And maybe you'd like some nice music to accompany you while you're cooking and/or eating your latkes, so here is a recording of the late Debbie Friendman performing her famous "Latke Song" live at the Hynes Convention Center in Boston in 2001:

And here are the lyrics for you to read:

I am a latke, I'm a latke
And I am waiting for Chanukah to come
I am a latke, I'm a latke
And I am waiting for Chanukah to come

I am so mixed up that I cannot tell you,
I'm sitting in this blender turning brown.
I've made friends with the onions and the flour,
And the cook is scouting oil in the town.
I sit here wondering what will come of me,
I can't be eaten looking as I do.
I need someone to take me out and cook me,
Or I'll really end up in a royal stew.


Every holiday has foods so special,
I'd like to have that same attention too,
I do not want to spend life in this blender,
Wondering what I'm supposed to do.
Matza and choroset are for Pesach,
Chopped liver and challah for Shabbat
Blintzes on Shavuot are delicious,
And gefilte fish no holiday's without.


It's important that I have an understanding
Of what it is that I'm supposed to do,
You see, there are many who are homeless,
With no jobs, no clothes and very little food.
It's so important that we all remember,
That while we have most of the things we need,
We must remember those who have so little,
We must help them, we must be the ones to feed.


And if you're a regular viewer of the ABC network's program, Grey's Anatomy, you probably have heard the song, "Latke Clan," performed by The LeeVees.  Here's a live version, performed at 2007 convention of the Reform Jewish youth organization NFTY  (North American Federation of Temple Youth):

And now for the lyrics:

Hanukkah, I know it's gonna be all right
Everyone's together tonight
Feeling good, it's Hanukkah

Two candles lit
The holiday's just begun
We're in for lots of fun
The time has come, it's Chanukah

The sun is setting
Get home as fast as you can
We'll put the oil into the pan
So come and join our Latke Clan
Cause we are latke fans
It's true

Your uncle's here
Flew in from out of town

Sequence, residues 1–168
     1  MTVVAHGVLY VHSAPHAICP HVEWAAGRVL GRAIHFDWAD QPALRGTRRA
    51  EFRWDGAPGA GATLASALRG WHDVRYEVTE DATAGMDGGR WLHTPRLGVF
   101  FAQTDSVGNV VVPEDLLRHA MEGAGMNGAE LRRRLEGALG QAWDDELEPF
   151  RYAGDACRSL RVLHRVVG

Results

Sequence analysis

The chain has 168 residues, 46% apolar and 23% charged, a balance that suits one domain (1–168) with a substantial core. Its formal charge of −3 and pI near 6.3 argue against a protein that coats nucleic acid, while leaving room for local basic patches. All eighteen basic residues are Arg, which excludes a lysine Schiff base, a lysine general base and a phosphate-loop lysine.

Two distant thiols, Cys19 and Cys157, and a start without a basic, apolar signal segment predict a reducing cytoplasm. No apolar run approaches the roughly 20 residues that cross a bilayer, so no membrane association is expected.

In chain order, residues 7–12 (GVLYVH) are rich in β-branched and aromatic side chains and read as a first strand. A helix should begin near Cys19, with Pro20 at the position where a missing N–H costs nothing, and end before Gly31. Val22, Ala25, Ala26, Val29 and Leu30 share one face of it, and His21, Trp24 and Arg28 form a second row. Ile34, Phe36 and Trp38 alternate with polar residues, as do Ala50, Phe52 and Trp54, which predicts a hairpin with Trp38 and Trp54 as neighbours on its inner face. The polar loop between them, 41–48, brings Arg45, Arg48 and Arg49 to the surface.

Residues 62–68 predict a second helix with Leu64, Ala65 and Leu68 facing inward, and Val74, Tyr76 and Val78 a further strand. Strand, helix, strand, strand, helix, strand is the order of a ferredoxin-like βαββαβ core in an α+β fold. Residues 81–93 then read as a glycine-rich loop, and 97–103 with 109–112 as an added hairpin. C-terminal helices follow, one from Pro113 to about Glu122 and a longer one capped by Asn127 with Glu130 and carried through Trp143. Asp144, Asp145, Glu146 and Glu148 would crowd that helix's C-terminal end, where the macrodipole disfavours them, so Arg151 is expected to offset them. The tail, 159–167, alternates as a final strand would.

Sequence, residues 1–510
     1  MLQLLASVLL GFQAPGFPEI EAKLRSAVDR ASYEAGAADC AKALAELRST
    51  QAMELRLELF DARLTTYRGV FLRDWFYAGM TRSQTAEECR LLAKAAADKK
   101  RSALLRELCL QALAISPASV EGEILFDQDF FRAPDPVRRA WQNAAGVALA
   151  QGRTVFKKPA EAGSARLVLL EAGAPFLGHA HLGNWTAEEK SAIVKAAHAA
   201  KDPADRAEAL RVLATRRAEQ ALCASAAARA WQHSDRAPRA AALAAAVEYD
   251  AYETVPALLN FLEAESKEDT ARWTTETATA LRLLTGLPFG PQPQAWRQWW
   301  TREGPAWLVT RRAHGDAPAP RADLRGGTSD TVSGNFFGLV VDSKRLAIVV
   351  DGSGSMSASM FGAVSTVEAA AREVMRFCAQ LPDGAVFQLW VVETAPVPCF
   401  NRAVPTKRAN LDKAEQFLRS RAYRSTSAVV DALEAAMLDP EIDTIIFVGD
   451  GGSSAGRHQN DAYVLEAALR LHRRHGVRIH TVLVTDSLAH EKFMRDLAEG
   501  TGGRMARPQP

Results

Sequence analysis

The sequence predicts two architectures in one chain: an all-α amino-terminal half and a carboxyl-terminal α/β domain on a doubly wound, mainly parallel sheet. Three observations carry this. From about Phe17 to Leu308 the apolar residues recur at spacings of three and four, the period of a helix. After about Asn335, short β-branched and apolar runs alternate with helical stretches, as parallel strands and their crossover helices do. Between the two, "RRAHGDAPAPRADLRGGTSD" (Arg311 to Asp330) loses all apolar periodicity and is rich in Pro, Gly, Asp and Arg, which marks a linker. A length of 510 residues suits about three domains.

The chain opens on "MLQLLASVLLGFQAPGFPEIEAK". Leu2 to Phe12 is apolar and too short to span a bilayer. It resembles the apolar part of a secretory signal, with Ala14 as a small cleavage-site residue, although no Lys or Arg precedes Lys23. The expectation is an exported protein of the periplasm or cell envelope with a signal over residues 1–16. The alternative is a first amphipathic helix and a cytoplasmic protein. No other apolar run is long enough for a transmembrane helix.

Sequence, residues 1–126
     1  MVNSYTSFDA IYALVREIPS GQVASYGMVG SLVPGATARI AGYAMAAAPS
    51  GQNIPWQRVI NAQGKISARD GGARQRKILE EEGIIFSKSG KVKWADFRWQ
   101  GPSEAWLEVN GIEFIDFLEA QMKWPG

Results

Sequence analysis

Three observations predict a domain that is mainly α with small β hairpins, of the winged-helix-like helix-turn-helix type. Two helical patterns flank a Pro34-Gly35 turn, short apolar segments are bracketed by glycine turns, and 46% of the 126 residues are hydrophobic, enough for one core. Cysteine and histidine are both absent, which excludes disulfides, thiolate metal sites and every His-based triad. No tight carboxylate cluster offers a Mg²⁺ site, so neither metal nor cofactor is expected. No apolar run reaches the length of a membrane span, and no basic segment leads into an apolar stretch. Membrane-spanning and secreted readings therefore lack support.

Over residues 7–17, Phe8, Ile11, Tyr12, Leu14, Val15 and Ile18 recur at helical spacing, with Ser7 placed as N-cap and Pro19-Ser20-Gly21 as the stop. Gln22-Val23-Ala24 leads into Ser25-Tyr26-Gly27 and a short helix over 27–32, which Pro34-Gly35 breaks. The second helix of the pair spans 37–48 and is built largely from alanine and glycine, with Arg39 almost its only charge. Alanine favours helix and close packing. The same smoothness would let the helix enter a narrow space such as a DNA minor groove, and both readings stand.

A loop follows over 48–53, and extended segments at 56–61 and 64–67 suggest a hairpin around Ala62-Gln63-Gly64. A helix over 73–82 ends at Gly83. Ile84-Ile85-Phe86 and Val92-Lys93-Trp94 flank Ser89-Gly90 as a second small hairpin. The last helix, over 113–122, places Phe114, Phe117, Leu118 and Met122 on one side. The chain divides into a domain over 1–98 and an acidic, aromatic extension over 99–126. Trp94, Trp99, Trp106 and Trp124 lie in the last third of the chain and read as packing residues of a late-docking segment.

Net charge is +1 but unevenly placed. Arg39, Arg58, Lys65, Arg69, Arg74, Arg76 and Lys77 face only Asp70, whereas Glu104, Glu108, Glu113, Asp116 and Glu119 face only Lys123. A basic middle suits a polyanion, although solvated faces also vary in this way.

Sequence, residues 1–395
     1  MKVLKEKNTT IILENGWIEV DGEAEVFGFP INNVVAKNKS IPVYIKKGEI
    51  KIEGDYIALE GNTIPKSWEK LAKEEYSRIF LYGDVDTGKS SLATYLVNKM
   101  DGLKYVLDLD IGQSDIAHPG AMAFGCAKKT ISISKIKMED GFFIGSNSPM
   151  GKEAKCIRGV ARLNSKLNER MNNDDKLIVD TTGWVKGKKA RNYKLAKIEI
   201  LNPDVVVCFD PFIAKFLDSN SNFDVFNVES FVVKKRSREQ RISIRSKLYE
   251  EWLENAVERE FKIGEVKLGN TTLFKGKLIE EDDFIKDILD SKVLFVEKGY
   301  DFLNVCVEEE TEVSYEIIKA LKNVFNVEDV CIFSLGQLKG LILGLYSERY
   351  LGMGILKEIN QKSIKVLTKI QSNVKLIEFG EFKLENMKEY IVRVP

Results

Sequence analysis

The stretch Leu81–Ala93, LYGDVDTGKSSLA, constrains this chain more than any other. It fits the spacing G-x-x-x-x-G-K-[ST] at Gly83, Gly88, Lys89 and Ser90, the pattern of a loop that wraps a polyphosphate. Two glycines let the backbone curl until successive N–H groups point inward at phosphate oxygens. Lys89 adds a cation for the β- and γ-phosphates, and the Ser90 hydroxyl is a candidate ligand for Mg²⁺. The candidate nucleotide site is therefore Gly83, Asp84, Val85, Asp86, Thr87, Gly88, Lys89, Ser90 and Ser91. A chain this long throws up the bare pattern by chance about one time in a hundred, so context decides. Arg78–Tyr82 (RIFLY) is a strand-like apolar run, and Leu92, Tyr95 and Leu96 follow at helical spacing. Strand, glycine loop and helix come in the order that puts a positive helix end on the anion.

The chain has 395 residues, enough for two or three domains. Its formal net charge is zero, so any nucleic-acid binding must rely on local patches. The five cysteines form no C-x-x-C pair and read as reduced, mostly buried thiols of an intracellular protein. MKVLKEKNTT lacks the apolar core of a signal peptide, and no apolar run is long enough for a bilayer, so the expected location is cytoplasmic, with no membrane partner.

It's nice to have him around
Even though he's weird
It's Chanukah

Santa's cool
But Hanukkah Harry's the man
So come and join our latke clan
We'll save you a plate
It's Hanukkah

The sun is setting
Get home as fast as you can
We'll put the oil into the pan
So come and join our latke clan

Sun is setting, get home as fast as you can
We'll put the oil into the pan
So come and join our latke clan
Cause we are latke fans

Your weird uncle is doing the can-can
Hanukkah Harry, he's the man
Everyone's here, it's Hanukkah

And in the category of holiday season toys that never quite made it, here's one you no doubt have never heard of, Latke Larry (we're not sure if he's any relation to Hanukkah Harry):

How about a nice story instead?  Courtesy of, we can enjoy this charming, animated tale from the old country, A Magical Latke Story, narrated by none other than famous television celebrity Bob Saget:

And what's that you say?  You want to hear a different "Latke Song" now?  Sure, here's one:

And, for our coda, here's a nice amateur video featuring holiday images, set to the studio version of Debbie Friedman's "Latke Song":

And with that, we hope you've liked our virtual latkes.  Now go and enjoy some real latkes of your own!  B'tayavon!

And don't forget to join us this evening, at 7 PM, for the Leonia Community Menorah Lighting outside of our shul, followed by our Shabbat service, and a Hanukkah party of an oneg!  With, you guessed it, lots and lots of latkes!

Thursday, December 22, 2011

Rock of Ages

Ma'Oz Tzur, or as it is translated into English, Rock of Ages, is the classic Hanukkah song, or perhaps more rightly, the Hanukkah hymn.  So in celebration of the Festival of Lights, let's sample some renditions of this timeless classic.

The SHIRAH Chorus performs Ma'oz Tzur, led by Matthew Lazar is a lovely choral rendition of the hymn in Hebrew and English (first verse only), recorded live in concert (with some background noise):

Stuart Marcus - Maoz Tzur is a traditional but more intimate, folk version that includes the Hebrew and two English verses:

Maoz Tzur by Craig Taubman is a mellow hip hop (or is it trance?) version of the Hebrew song: